Far from Istanbul, voters at cardboard polling booths set up in a Berlin sporting arena are helping to decide whether Recep Tayyip Erdogan’s becomes Turkey’s next president. The large Turkish diaspora in Germany and other countries around the world is for the first time getting its say in a Turkish election, with presidential voting kicking off in a change that offers new clout to the community here. The recent change in Turkish law allowing Turks abroad to vote has been heralded as a sign of political empowerment. It is a move that comes as Turks in Germany are also being courted by German politicians after years of being ignored—amid new laws that make it easier for Germany-born Turks to gain dual citizenship and the appointment of the country’s first minister of Turkish descent. The community may not be large enough to make much difference for Mr. Erdogan, who is widely expected to win Turkey’s first direct presidential elections handily. But the prime minister has made visits to Germany this year, packing stadiums in Cologne and Berlin.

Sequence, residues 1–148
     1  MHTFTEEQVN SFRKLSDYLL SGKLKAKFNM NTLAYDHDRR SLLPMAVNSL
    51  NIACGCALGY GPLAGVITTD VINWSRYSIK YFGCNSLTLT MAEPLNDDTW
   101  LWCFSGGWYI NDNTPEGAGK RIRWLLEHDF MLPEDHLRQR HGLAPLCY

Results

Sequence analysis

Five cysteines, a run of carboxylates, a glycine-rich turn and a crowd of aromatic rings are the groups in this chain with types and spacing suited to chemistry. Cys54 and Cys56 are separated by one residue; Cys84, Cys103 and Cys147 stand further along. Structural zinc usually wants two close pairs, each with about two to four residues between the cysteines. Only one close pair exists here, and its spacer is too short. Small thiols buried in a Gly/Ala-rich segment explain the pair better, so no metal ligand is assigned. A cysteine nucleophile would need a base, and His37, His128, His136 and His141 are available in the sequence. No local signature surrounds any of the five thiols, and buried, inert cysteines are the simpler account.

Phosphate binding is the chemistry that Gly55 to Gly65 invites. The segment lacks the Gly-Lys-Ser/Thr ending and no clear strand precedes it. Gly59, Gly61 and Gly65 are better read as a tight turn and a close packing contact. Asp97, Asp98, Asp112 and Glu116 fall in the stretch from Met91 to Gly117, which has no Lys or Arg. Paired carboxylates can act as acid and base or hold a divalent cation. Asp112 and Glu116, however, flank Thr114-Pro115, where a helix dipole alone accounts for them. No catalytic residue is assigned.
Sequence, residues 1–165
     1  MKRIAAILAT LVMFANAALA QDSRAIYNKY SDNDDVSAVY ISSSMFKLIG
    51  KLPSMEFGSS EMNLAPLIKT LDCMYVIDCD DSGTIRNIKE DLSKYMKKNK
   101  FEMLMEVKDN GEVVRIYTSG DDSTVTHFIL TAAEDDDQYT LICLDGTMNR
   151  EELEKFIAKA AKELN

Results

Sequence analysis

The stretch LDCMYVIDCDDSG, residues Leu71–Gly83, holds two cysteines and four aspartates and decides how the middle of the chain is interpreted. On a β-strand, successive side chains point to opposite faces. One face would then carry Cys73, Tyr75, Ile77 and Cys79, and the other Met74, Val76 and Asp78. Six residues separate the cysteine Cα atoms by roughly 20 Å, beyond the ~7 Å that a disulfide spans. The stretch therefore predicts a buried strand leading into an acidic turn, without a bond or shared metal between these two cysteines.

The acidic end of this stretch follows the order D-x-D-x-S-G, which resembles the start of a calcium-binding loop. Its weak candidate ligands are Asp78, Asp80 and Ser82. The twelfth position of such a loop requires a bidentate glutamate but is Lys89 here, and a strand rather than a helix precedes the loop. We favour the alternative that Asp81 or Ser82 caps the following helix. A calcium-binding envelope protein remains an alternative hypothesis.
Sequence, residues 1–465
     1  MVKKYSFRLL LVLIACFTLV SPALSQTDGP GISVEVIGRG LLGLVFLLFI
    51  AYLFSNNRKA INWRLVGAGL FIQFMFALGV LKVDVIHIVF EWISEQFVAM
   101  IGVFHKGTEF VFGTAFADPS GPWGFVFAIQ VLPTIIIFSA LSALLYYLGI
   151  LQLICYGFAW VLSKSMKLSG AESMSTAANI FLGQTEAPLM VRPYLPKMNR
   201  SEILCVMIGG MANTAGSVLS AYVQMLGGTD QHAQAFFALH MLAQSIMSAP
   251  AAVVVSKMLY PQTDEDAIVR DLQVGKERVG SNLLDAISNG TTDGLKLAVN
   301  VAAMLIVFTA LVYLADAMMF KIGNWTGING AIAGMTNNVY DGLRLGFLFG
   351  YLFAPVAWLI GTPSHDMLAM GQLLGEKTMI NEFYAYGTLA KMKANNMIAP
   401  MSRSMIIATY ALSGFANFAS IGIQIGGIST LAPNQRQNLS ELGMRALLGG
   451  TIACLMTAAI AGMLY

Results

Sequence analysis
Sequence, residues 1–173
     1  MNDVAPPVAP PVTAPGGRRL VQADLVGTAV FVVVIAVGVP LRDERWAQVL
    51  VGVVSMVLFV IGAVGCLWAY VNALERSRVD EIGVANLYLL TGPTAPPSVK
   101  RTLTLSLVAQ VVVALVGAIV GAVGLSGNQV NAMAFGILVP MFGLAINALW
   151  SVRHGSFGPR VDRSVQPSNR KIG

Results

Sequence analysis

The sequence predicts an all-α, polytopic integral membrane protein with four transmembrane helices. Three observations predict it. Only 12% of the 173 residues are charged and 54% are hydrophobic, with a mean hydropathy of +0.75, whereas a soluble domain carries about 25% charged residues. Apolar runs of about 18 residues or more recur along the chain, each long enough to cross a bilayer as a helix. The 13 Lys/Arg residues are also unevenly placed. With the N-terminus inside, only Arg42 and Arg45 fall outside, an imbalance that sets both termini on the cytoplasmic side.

“I’m voting for Erdogan, I’ve never seen anyone who has done so much for Turkey. He gets his way with everything,” said Ibrahim Çakmak, a 47-year-old factory worker waiting in line at Berlin’s Olympic Stadium—one of seven polling stations set up for four days, ending Sunday, around Germany. The election in Turkey is set for Aug. 10.
Mr. Erdogan has said that among Turkish voters abroad he will beat his challengers by a wide margin. The opposition has acknowledged that claim over the past month, anticipating that the premier may easily secure 65% or more of the votes overseas. Though there have been no political polls of Turks abroad, the latest surveys at home give him just under 55% support—enough to sweep to victory in the first round of voting.